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Tuivasa-Sheck eyes Kiwis' home cup matches

NZ NewswireNZ Newswire 19/07/2016 By Robert Lowe

Kiwis fullback Roger Tuivasa-Sheck has added incentive to be part of the 2017 Rugby League World Cup.

Along with Australia and Papua New Guinea, New Zealand will co-host the tournament, meaning Tuivasa-Sheck will get the chance to wear the black jersey at home for the first time.

"That's going to be real cool," he said in Auckland on Tuesday.

"Playing in England for the Kiwis, we get a bit of a taste with a few fans over there, which is pretty awesome.

"Coming to New Zealand and playing in front of our home crowd, that's going to be something special, because that's why you wear the jersey - for the people in New Zealand."

Tuivasa-Sheck, who is recovering from a season-ending knee injury, was speaking after organisers announced the World Cup draw, which has the 14 teams divided into four pools.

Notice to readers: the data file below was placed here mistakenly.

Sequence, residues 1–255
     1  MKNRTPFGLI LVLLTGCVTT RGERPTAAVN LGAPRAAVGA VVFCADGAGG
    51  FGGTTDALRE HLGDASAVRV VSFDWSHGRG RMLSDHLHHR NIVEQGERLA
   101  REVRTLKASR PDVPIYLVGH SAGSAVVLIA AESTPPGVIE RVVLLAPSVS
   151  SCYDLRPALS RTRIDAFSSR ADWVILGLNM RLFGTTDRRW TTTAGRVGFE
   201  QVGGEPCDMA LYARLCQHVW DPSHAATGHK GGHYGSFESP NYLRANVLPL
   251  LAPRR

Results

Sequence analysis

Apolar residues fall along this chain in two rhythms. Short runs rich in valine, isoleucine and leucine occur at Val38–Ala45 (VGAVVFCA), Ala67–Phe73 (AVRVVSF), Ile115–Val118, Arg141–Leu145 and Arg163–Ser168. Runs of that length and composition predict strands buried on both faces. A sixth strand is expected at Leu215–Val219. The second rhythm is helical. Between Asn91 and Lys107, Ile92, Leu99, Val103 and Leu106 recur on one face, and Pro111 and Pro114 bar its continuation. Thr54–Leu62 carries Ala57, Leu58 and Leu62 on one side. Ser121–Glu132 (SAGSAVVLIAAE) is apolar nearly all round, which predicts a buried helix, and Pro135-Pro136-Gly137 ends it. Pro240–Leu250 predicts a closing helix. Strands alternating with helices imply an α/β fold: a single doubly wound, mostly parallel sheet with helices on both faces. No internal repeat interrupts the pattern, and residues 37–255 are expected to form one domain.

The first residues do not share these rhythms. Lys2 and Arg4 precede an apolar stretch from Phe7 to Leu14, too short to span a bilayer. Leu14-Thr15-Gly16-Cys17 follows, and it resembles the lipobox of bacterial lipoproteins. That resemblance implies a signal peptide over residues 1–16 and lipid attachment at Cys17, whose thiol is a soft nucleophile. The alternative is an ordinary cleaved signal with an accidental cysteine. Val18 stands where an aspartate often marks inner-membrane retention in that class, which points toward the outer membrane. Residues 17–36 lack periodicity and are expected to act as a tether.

The tournament will kick off with Australia facing England in Melbourne on October 27 and end with the final in Brisbane on December 2.

There will be seven matches in New Zealand, including all three of the Kiwis' pool fixtures.

The Kiwis start their campaign against Samoa at Mt Smart Stadium in Auckland on October 28.

They meet Scotland in Christchurch and then Tonga in Hamilton, which will also stage the match between Samoa and Tonga.

Christchurch and Wellington will each have a quarter-final, while one of the semi-finals will be in Auckland.

Tuivasa-Sheck, who hails from Apia, is particularly hoping he gets to take the field against the country of his birth.

He will be also be an interested observer when Samoa and Tonga clash at Waikato Stadium.

"I was born in Samoa but raised in New Zealand, so I hope I play in that game," he said.

"Then Tonga-Samoa, their games together are always exciting because there's always a great battle between them two."

Tuivasa-Sheck, 23, made his Kiwis debut during the 2013 World Cup in England and has gone on to collect 11 caps.

His knee injury, suffered in the Warriors' 24-20 win over Canterbury in Wellington in April, meant he missed this year's Anzac Test.

He said was on track with his rehabilitation and could be back running again next month.

"I'm just working day-by-day," he said.

"They told me that in a month's time I could be back on the field. Hopefully I don't get too excited and try to rush myself back and hurt myself even more."

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